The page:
Do bad things happen to good people?
Who is the most influential person in the world? According to the “Time 100,” just released on the magazine’s website, #1 is a person none of us had heard of last year. Hints: He is from Egypt, working for Google in Dubai. He made a Facebook page which changed the world. Still not sure? His name is Wael Ghonim. His page in memory of a slain Egyptian named Khalid Said sparked the protests in Egypt which led to the removal of Hosni Mubarak and the movements sweeping the Middle East.
Who is #2? Joseph Stiglitz, the economist. Barack Obama came in at #86, 64 places below his wife. He is ranked five places below actor Mark Wahlberg and 47 places below Justin Bieber. Last year Mr. Obama ranked #4. But it could be worse; last year’s #1, Brazilian president Luiz Inacio Lula da Silva, isn’t even on this year’s list.
I didn’t find my name anywhere on the “Time 100.” If you’re there, please let the rest of us know. But if you’re as non-famous as me, take heart: if Jesus is your Lord, your name is in the “Lamb’s book of life” (Revelation 20:15). You made God’s top 100. On this Good Friday 20 centuries ago, he considered your eternal life worth the tortured death of his Son.
We’ve been asking ourselves why an all-loving, all-powerful, all-knowing God would allow a world like ours. Award-winning photojournalists Tim Hetherington and Chris Hondros were killed Wednesday in Libya—they did nothing to deserve their deaths. Water pumped over damaged fuel rods in Japan is becoming heavily contaminated as it fills storage tanks—the Japanese did nothing to deserve this crisis. Why do bad things happen to good people?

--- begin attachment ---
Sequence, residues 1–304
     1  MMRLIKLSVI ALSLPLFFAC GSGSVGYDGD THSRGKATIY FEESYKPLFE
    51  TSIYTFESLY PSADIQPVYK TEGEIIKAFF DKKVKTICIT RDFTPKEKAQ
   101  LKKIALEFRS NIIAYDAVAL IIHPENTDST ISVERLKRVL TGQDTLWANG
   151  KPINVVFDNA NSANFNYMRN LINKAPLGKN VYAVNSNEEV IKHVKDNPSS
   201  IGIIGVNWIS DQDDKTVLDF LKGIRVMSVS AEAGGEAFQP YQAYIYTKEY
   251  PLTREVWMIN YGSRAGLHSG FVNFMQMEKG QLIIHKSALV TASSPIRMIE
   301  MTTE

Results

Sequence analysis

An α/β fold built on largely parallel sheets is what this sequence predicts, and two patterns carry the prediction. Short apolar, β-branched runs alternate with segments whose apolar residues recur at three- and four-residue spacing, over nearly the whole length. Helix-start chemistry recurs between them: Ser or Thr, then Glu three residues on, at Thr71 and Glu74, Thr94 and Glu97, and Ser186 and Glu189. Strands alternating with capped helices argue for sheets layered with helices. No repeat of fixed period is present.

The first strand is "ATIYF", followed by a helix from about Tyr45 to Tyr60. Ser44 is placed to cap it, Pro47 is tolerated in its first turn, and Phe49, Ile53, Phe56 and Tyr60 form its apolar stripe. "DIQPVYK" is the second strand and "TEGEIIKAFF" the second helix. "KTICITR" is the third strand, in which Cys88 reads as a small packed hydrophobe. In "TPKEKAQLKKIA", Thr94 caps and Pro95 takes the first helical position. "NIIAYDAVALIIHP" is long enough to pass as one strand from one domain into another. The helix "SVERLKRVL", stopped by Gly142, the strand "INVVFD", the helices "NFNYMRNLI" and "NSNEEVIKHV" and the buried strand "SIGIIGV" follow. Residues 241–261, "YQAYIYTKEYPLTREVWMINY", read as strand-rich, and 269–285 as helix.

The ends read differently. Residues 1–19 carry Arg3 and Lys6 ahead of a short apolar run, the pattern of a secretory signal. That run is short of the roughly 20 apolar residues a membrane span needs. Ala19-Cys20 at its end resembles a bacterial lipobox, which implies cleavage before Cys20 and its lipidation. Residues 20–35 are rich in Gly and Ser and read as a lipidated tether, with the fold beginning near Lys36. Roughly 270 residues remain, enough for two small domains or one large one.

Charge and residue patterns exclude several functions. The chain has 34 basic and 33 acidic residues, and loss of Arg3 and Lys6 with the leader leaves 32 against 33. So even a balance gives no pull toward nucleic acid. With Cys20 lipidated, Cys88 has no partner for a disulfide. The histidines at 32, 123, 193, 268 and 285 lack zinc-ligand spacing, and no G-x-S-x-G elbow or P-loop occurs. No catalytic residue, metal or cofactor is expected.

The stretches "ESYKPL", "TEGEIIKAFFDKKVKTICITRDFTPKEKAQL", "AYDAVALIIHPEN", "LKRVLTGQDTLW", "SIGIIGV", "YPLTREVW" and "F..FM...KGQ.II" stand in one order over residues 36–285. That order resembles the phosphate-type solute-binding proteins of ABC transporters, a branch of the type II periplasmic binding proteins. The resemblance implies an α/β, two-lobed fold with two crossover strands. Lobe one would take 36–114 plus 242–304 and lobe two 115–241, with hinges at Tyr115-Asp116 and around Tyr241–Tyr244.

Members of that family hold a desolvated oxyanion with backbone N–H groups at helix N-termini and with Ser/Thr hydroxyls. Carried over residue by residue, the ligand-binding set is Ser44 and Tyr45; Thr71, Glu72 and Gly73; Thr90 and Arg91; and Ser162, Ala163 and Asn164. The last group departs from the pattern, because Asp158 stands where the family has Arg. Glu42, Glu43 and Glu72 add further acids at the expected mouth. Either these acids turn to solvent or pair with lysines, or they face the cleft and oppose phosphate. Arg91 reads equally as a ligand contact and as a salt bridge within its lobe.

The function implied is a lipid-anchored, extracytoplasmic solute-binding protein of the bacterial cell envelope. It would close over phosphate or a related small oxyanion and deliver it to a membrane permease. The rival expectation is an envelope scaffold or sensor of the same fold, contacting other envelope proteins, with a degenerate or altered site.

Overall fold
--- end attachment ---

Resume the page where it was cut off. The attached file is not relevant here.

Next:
Here’s a different answer to our question. In response to yesterday’s essay, Bethany wrote: “‘Why do bad things happen to good people? That only happened once and He volunteered.’ ~ R.C. Sproul Jr.” Why did Jesus choose to die on the first Good Friday?
Paul explained: “Christ redeemed us from the curse of the law by becoming a curse for us, for it is written: ‘Cursed is everyone who is hung on a tree’”(Galatians 3:13). Peter added: “He himself bore our sins in his body on the tree, so that we might die to sins and live for righteousness; by his wounds you have been healed” (1 Peter 2:24). The Message translates Hebrews 10:14: “It was a perfect sacrifice by a perfect person to perfect some very imperfect people.”
What will you do today to thank the One who died for you? Please share your Good Friday plans and reflections with the rest of us. And remember: while you may never make the “Time 100,” fame is fickle but eternity is forever.